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Monday, September 10, 2012

Superman Versus the Ku Klux Klan

Superman Versus the Ku Klux Klan: The True Story of How the Iconic Superhero Battled the Men of Hate by Rick Bowers. Grades 8+ National Geographic Children's Books, January 2012. 160 pages. Review copy provided by my local library.

It's a bird... It's a plane... It's SUPERMAN!
He's faster than a speeding locomotive. He can leap tall buildings in a single bound.
But could Superman defeat the divide between races in America?

I found this book totally fascinating. I love history books that read like a story someone's telling me, but I am easily bored by a lot of history books (even when the concept sounds like something I'd be interested in). Superman Versus the Ku Klux Klan is a book that I didn't want to put down. It was so well told and so fascinating that it definitely kept my interest and I can see it having high teen appeal.

In 1946, the Superman radio show broadcast a miniseries called The Clan of the Fiery Cross in which Superman takes on a white supremacist group modeled after the KKK.

 Rick Bowers weaves together two histories that would seem unrelated at first. He starts with the creators of Superman and explains how much the American people needed a superhero at the exact moment of Superman's creation. He goes into the rise of the comic book industry and Superman's phenomenal popularity. At the same time, Bowers details the rise of the Ku Klux Klan from its start as "a social club for a handful of men with time on their hands, a taste for the absurd, and a penchant for harmless mischief" (pg 57), through its rises and falls. Eventually the KKK would have thousands of members and carry out violent acts in the name of white supremacy.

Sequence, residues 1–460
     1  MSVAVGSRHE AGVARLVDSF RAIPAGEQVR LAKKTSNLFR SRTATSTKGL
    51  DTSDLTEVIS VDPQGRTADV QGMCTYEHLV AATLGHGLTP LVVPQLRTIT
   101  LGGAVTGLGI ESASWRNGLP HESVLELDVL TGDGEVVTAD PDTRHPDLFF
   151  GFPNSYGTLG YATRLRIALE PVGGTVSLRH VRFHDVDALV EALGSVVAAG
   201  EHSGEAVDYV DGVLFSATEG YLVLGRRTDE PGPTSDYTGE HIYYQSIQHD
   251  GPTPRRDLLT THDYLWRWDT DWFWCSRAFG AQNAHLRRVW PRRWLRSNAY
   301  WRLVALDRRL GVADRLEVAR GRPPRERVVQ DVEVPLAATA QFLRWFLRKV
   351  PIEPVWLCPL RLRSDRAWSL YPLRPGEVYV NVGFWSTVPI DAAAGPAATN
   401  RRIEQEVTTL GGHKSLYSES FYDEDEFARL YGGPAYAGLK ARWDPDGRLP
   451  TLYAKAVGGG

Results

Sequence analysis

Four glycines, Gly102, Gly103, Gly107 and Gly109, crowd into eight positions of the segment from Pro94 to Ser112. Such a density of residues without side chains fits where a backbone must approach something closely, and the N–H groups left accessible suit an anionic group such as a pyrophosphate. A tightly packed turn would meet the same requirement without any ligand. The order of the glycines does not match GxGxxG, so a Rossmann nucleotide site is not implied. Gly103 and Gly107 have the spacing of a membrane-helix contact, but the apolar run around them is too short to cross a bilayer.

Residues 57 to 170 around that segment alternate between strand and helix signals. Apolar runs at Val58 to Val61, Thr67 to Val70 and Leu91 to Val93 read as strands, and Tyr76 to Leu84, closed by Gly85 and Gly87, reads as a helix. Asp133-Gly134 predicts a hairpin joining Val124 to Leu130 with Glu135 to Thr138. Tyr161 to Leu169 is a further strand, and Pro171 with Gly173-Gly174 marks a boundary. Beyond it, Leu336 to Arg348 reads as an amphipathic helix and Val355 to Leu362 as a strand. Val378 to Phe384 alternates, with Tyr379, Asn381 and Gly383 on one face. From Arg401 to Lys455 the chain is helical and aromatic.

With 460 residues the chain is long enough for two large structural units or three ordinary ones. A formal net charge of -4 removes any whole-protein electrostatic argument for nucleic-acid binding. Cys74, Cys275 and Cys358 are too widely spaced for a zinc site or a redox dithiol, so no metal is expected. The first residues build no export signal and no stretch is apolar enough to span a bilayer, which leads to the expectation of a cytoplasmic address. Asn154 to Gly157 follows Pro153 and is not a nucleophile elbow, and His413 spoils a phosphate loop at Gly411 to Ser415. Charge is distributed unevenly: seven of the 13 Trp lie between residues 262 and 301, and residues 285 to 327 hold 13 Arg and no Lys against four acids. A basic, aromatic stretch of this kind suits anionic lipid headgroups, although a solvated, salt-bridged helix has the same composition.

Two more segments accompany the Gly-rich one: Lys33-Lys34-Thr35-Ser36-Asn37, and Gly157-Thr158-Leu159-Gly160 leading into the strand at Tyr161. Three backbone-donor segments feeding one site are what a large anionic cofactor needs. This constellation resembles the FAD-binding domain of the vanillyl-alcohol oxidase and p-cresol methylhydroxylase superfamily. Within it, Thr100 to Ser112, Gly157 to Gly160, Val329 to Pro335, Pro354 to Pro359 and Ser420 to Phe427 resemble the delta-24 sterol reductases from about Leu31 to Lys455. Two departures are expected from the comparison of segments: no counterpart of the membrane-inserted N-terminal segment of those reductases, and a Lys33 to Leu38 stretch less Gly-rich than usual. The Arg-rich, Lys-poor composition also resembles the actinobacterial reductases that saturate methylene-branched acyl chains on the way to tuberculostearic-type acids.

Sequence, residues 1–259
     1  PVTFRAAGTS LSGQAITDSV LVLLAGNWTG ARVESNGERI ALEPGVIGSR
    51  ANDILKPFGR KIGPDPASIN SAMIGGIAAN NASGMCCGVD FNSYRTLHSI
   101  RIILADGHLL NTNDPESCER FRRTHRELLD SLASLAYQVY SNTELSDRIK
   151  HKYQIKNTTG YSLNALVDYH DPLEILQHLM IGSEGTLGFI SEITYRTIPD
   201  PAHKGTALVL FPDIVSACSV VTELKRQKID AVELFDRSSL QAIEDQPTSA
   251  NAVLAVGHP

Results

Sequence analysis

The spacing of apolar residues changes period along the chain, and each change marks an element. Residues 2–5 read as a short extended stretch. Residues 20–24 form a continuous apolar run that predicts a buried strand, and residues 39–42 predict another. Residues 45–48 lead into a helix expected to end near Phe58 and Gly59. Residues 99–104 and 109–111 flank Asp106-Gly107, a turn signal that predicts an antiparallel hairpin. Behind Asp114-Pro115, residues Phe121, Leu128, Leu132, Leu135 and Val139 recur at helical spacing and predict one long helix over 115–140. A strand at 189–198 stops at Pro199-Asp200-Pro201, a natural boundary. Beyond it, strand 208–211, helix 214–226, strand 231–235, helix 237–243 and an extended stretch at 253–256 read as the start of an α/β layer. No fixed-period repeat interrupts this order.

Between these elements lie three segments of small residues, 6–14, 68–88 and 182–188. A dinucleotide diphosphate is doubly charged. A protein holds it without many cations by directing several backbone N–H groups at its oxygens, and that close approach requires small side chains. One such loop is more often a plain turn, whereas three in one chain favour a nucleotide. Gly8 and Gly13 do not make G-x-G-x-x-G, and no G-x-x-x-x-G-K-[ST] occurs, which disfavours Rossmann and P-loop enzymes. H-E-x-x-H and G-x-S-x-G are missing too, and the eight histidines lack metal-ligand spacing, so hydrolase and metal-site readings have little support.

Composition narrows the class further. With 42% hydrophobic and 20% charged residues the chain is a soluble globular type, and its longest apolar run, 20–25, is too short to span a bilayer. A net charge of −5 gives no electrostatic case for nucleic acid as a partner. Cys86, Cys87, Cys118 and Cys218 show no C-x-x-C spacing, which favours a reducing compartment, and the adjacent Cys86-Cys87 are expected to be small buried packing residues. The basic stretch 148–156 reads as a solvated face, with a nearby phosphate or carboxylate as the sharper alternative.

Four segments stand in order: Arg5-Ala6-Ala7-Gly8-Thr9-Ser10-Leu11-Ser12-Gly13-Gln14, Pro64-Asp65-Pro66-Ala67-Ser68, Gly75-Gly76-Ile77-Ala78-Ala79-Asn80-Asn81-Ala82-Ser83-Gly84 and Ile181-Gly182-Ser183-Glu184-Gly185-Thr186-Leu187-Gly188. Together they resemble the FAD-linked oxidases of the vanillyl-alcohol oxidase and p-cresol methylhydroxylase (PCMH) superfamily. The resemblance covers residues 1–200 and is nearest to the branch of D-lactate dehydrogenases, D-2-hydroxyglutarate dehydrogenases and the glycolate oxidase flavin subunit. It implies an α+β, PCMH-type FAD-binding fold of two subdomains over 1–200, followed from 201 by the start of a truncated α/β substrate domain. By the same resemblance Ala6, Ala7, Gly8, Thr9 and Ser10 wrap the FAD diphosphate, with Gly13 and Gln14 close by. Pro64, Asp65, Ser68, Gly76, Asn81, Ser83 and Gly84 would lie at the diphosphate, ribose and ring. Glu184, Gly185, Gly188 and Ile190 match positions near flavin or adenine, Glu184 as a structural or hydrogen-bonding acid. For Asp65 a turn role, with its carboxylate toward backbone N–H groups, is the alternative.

Bowers weaves these two narratives together in alternating parts. The fact of the matter is that the actual collision between Superman and the KKK was actually a rather brief event in the book, but the real meat is what leads to that point. Creators of popular media for CHILDREN were actually taking a social stand in the name of educating kids about racism. In 1946. It's kind of amazing.

Back matter includes an index, a bibliography, and a list of sources. Rick Bowers ends the narrative with an afterword that explains what happened to the major players after the broadcast and public response. Bowers is the author of Spies of Mississippi: The True Story of the Spy Network That Tried to Destroy the Civil Rights Movement, a finalist for the 2011 Excellence in Nonfiction for Young Adults award.

Superman Versus the Ku Klux Klan is on shelves now! And hey, it's Nonfiction Monday. Check out this week's roundup of nonfiction book reviews from around the Kidlitosphere at Books Together.

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